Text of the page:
Aug 20 2015
By U.S. Senator Jerry Moran and 27 Committee Chairman Jerry Reilly
Shortly after taking office in January 2009, President Obama ordered the closure of the detention facility at Guantanamo Bay Naval Base within one year. In an attempt to fulfill a campaign promise, the administration put forth a vague proposal to move hundreds of terrorists to detention facilities located on American soil. Clarity was never provided as to how our national security would be protected, what it would cost taxpayers to construct or modify U.S. prisons, or how detainees would be prosecuted in a civilian judicial system within the United States. Nearly seven years later, those questions remain unanswered.
One of the U.S. facilities originally proposed to house Guantanamo prisoners was the U.S. Disciplinary Barracks at Fort Leavenworth. The Kansas Congressional delegation and community leaders came together and successfully fought to prevent Guantanamo’s hasty closure and protect Fort Leavenworth, but it has now become clear that our fight is not over.
The Pentagon quietly sent an evaluation team to Fort Leavenworth last week as part of the president’s latest push to bring 116 terrorists to American soil before he leaves office. Just as in 2009, Fort Leavenworth’s soldiers, their families, and northeast Kansans should not be forced to unfairly bear the burden and consequences that accompany detaining terror suspects in the homeland.
Perhaps the most troubling part of the president’s proposal are the numerous unknown factors that create vulnerability and insecurity. Would detainees be treated the same as current inmates if they need specific medical attention beyond the scope of the barracks or the penitentiary? Transporting convicted felons always poses security risks, but the complexity of a terrorist escaping adds a significant threat level that must be addressed. What about the proximity to local transportation systems? Potential safeguards could include closing off citizen access to Sherman Airfield – the only public airport in Leavenworth – as well as stopping the rail and river barge traffic that runs through the post.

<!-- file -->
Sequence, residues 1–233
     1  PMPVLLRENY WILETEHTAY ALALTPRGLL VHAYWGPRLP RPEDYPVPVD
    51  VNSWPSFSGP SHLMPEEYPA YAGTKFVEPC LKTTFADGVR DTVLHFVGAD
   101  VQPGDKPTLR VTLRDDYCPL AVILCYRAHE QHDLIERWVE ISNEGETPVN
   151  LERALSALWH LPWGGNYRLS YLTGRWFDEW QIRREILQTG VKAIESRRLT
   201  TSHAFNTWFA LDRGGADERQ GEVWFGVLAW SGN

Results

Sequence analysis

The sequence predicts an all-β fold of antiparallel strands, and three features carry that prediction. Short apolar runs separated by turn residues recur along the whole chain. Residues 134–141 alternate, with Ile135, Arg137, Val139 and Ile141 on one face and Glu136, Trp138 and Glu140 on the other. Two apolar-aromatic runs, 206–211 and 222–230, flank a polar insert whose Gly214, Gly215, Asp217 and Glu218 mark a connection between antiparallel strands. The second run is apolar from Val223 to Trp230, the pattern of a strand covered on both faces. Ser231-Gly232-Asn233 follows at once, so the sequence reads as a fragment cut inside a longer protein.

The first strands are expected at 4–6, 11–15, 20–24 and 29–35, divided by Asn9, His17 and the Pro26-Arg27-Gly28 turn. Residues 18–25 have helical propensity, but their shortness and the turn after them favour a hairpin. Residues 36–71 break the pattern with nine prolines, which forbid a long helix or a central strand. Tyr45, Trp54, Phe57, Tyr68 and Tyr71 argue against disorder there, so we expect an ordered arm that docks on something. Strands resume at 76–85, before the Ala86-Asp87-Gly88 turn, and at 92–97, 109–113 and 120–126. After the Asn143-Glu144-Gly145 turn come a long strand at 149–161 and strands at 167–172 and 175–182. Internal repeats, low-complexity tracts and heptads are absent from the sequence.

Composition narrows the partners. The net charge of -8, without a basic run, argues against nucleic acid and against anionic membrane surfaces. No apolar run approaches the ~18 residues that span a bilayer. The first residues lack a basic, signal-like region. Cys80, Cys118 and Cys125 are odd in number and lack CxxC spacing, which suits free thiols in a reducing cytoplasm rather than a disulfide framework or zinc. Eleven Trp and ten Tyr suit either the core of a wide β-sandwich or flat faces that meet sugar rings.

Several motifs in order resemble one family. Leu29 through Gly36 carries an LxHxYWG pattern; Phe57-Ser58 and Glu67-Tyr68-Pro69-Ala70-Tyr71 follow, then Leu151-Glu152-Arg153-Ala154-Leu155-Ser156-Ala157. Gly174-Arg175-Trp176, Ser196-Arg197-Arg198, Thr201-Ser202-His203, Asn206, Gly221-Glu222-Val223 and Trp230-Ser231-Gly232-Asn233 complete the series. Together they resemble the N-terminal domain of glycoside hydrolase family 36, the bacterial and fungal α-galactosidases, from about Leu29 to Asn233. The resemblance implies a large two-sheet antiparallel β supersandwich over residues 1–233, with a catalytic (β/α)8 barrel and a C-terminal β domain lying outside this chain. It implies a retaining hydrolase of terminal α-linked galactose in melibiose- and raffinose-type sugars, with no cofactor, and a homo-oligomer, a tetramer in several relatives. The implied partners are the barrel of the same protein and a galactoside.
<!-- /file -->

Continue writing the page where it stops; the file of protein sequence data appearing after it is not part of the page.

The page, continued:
Additionally, are Kansans expected to foot the bill for the resources needed to address these unknown risks? These actions would have significant economic consequences on the region. The nearly 14,000 military and civilian personnel, their family members who live and serve on post, and the thousands of Kansans who live in the Leavenworth community and greater Kansas City metropolitan area, deserve better than to live in the instability that this proposal carries.
What family or business would not have serious hesitations about moving to or investing in a community where terrorists are being detained? Unfortunately, this is the reality we could be facing.
Just as concerning is the impact such a move would have on Fort Leavenworth’s international reputation as the “Intellectual Center of the Army.” The Army’s Command and General Staff College is the place where the future leaders of our Armed Forces and foreign militaries are educated and vital relationships are built. The detention of terrorists would disrupt Fort Leavenworth’s primary mission as a premier military education institution and could greatly diminish our 100-year strong international military student program.
Will our allies abroad still choose to send their military students to be trained at a location housing politically sensitive detainees? This is especially troublesome if detainees were part of attacks in our students’ home countries.
Finally, the increased infrastructure needed to detain terrorists on American soil would cost taxpayers hundreds of millions of dollars. Is that the best use of our taxpayer dollars?
Together, we are committed to blocking the transfer of Guantanamo Bay detainees to Fort Leavenworth, and will encourage action in Congress to continue prohibiting the transfer of prisoners to Kansas or anywhere else in the United States. We support the Detaining Terrorists to Protect America Act – S. 165 – (legislation sponsored by Sen. Moran) to prohibit the transfer of detainees to the United States, as well as prohibit their release to countries across the globe.
As Congress considers the annual national defense authorization bill, we urge legislators to continue to uphold current law, which prohibits the closure of Guantanamo Bay and the transfer of detainees.
Such a critical national security decision deserves critical thought. Yet in seven years, this administration has been unable to present a cohesive, comprehensive and legally justifiable closure and relocation plan that maintains the safety and security of American citizens.
President Obama’s last-ditch effort to carry out a reckless national security decision in a desperate attempt to turn failures into accomplishments is disingenuous and flawed.
We are committed to making certain Fort Leavenworth is not its causality.